Ambiance of the restaurant is very farm to table as the location is an industrial converted garage with wooded accents, glowing string lights and plush pillow lined benches.  The door was pulled all the way up so we had a nice floating breeze. I adore restaurants like this that kind of invite the hum of the city in while you dine. You can always feel connected to the world around you..

Great for dates or just catching up with friends. The waitstaff was extremely friendly and were more than accommodating when my boyfriend and I wanted to sample a few of the beers before deciding. Service is definitely a 5. All in all I would love to go back, as I said before its cozy, I had a great time and the food was AMAZING!

Tagliatelle alla Bolognese

Haley & Sarah, @twotastebuds_nyc

Where to go:

Sant Ambroeus (West Village)

What to order:

Appetizer: Battuta Di Manzo (Steak tartare)

Entree: Tagliatelle alla Bolognese

Dessert: Gelato & Sorbet

Beverage(s): Bottle of Cabernet Sauvignon “La Contessa” 2015

Favorite details of the experience: The tagliatelle alla Bolognese was one of the best pasta dishes I have had in NYC and our waitress let us have a wine tasting while deciding which we wanted!

Where have you gone for NYC Restaurant Week? Let us know all about it in the comments below or tag us @FoodBeforeLove on instagram!

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National Mojito Day
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Attention all you Mojito lovers! National Mojito Day is Today, Tuesday,  July 11th and we’ve got you covered on where to celebrate and enjoy some of the best mojitos in NYC!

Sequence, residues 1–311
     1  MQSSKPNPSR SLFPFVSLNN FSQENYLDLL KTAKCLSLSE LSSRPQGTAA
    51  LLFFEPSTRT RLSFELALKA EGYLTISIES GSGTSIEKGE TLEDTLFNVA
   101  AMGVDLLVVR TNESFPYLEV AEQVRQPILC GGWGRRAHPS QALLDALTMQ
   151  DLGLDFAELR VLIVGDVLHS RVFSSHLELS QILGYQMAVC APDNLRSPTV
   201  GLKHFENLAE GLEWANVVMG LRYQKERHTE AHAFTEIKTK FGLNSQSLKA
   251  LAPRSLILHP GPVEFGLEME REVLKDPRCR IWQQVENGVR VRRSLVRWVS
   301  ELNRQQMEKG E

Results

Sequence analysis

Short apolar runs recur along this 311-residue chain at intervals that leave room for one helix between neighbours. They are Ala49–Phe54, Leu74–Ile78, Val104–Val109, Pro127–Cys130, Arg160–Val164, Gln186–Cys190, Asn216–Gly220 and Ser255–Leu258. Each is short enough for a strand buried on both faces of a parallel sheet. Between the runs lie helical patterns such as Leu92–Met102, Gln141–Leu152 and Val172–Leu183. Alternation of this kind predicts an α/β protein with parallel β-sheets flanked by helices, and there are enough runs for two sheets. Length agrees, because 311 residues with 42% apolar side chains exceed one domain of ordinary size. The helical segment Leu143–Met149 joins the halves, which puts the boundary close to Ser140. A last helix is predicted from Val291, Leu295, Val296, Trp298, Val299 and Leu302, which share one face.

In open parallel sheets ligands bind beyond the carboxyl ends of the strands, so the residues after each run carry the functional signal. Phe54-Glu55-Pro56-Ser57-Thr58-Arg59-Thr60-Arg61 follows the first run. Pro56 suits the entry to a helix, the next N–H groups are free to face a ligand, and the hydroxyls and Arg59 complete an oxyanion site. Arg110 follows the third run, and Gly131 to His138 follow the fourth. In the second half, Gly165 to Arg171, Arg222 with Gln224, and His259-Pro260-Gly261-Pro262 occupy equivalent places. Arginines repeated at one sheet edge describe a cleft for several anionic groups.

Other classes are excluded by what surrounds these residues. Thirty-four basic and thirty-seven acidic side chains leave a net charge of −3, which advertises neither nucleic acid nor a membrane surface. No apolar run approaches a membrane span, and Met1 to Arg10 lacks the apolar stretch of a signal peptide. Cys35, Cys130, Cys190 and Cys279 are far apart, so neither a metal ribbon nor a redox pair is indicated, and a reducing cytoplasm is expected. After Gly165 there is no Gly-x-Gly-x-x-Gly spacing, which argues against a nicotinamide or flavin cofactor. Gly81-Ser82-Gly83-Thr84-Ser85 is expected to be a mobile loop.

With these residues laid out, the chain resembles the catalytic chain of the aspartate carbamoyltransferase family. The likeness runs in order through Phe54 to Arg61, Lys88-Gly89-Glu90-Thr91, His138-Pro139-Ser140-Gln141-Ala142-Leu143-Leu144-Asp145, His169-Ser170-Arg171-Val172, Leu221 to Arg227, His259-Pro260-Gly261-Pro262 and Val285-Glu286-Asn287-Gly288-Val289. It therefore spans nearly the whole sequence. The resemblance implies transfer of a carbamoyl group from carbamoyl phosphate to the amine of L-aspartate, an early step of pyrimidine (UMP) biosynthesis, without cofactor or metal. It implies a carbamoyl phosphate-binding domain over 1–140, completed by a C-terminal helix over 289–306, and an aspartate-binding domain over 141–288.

This popular cocktail originating from Cuba, is a delicious way to beat the heat with its mix of refreshing flavors. Traditionally, a mojito consists of five ingredients: white rum, sugar (typically sugar cane juice), lime, soda water and mint.

Here are our picks of where to sip on your favorite drink or if you’re a mojito newbie – try for the first time.

Havana Central

In the heart of Times Square is a bustling restaurant featuring Cuban cuisine, cocktails and live music in a retro Havana style atmosphere. Their mojitos are stellar and offered in a wide range of flavors – each served with a sugar cane stick. Stop in on National Mojito Day for $6 mojitos all day ($1 extra for flavors) and food specials featuring $1 empanadas. 151 West 46th Street, New York, NY

National Mojito Day
Photo By Neha Deshmukh

Guantanamera 

This friendly, fun and vibrant with magnificent mojitos and complimentary hand-rolled cigars (Friday – Saturday only after 7pm) and live Cuban music. Come enjoy $6 mojitos all day on Mojito Tuesdays and during happy hour Sunday – Thursday from 4pm – 7pm.  939 8th Avenue, New York, NY

Corner Social 

Harlem’s hotspot offers killer cocktails which never disappoint. Check out their version of your favorite mojito on their rotating daily specials menu. The last time I visited I had an amazing coconut one as I took in the bustling happy hour scene inside this cozy, brick exposed bar. If weather permits, enjoy the lively sidewalk seating and all the action in the center of Harlem on National Mojito Day.  321 Lenox Avenue, New York, NY

Habana Outpost

National Mojito Day
Photographed by N. Salter

Located in the fashionably cultural Fort Greene section of Brooklyn is a diverse, cool hangout spot offering up Mexican-Cuban food and refreshing frozen drinks such as the Morita, a great mojito/margarita combo and individual fruit flavored mojitos.  Place your food and drink order at the counter upon entering and then wander on out to the outdoor patio area complete with picnic style tables and umbrellas.  Do strike up a convo with someone at the next table or just enjoy people watching as you sip on your mojito. Don’t forgot to try some of the yummy food options like the popular grilled Mexican street corn with cotija cheese and fish tacos. 757 Fulton Street, Brooklyn, NY (between South Oxford Street and Portland Avenue) 

Havana Alma de Cuba